- Parliamentary Business
- Senators and Members
- News & Events
- About Parliament
- Visit Parliament
Parliamentary Joint Committee on Intelligence and Security
Counter-Terrorism Legislation Amendment (Foreign Fighters) Bill 2014
- Parl No.
- Committee Name
Parliamentary Joint Committee on Intelligence and Security
ACTING CHAIR (Mr Byrne)
Plibersek, Tanya, MP
Bushby, Sen David
Faulkner, Sen John
Wong, Sen Penny
Nikolic, Andrew, MP
Byrne, Anthony, MP
CHAIR (Mr Tehan)
Scott, Bruce, MP
- System Id
Note: Where available, the PDF/Word icon below is provided to view the complete and fully formatted document
Table Of ContentsDownload PDF
Previous Fragment Next Fragment
Parliamentary Joint Committee on Intelligence and Security
(Joint-Thursday, 13 November 2014)
Mr BRUCE SCOTT
ACTING CHAIR (Mr Byrne)
CHAIR (Mr Tehan)
Mr BRUCE SCOTT
Mr BRUCE SCOTT
- Ms PLIBERSEK
Content WindowParliamentary Joint Committee on Intelligence and Security - 13/11/2014 - Counter-Terrorism Legislation Amendment (Foreign Fighters) Bill 2014
BLIGHT, Mr Jake, Assistant Inspector-General of Intelligence and Security, Office of the Inspector-General of Intelligence and Security
THOM, Dr Vivienne, Inspector-General of Intelligence and Security, Office of the Inspector-General of Intelligence and Security
Committee met at 14:33 .
ACTING CHAIR ( Mr Byrne ): The chair of the committee apologises for running slightly late due to a flight delay. On his behalf, I declare open this public hearing of the Parliamentary Joint Committee on Intelligence and Security for the committee's inquiry into the Counter-Terrorism Legislation Amendment Bill (No. 1) 2014. The bill was referred to the committee on 29 October 2014 for reporting by 20 November 2014.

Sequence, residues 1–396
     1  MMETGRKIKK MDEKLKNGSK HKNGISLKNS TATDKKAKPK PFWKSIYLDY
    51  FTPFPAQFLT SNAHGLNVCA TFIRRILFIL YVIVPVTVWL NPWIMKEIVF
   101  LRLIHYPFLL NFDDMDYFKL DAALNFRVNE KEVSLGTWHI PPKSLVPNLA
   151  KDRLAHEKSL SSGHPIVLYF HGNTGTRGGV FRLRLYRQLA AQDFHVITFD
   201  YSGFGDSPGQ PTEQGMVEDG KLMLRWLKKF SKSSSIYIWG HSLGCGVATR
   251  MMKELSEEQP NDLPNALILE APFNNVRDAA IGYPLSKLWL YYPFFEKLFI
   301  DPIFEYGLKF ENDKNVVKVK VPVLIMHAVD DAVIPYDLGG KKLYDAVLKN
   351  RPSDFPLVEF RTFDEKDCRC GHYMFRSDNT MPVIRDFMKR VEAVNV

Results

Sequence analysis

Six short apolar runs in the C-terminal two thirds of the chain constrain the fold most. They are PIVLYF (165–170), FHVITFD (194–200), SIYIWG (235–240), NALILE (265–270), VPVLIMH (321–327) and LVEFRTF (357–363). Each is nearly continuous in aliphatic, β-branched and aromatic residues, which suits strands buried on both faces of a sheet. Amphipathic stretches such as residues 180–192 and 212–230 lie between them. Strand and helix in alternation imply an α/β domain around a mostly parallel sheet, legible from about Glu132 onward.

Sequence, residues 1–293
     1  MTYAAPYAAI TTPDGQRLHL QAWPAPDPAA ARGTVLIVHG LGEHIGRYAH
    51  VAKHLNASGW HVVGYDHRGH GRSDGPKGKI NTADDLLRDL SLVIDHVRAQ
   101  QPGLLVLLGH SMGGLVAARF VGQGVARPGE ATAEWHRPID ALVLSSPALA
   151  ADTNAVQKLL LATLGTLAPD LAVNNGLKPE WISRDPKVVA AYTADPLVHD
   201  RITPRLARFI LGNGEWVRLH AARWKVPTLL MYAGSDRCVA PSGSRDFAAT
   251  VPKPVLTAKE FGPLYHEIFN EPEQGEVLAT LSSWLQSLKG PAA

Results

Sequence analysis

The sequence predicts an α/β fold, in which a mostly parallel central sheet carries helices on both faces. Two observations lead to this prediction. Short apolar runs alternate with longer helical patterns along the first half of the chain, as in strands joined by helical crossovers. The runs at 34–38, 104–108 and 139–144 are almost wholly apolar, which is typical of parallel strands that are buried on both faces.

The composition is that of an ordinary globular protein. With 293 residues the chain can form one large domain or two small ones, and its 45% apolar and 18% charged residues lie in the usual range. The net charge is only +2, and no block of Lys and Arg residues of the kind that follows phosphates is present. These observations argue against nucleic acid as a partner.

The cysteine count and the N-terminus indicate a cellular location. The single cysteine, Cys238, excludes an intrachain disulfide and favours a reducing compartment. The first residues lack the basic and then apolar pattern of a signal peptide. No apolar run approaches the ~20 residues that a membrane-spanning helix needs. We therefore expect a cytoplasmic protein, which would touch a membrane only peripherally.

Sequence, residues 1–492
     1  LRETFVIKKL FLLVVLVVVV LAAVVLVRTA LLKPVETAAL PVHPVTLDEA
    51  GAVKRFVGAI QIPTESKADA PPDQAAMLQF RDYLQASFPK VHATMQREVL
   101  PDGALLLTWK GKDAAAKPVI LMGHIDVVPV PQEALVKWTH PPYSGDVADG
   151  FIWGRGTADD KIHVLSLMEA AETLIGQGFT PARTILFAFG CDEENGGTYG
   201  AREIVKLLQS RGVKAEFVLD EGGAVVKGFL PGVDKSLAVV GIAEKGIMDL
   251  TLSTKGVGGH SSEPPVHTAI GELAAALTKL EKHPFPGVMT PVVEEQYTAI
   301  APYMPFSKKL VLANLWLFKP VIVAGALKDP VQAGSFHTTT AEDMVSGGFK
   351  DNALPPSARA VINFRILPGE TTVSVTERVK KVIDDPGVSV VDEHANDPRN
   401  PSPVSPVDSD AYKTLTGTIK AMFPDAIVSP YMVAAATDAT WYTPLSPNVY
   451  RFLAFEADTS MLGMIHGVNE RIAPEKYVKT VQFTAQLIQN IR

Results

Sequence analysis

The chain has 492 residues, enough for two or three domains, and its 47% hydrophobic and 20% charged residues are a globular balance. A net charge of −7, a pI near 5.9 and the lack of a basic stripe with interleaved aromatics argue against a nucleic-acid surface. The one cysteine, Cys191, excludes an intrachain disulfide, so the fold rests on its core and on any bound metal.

These are public proceedings and the committee prefers that all evidence be given in public, but witnesses have the right to request to be heard in private session. The committee may also determine that certain evidence should be heard in private session. If a witness objects to answering a question they should state the ground for that objection, and the committee will consider the matter.
Although the committee does not require you to give evidence on oath, I remind witnesses that this hearing is a legal proceeding of parliament and warrants the same respect as proceedings of the House itself. The giving of false or misleading evidence is a serious matter and may be regarded as a contempt of parliament. The evidence given today will be recorded by Hansard. Would you like to make some introductory remarks before we proceed to questions?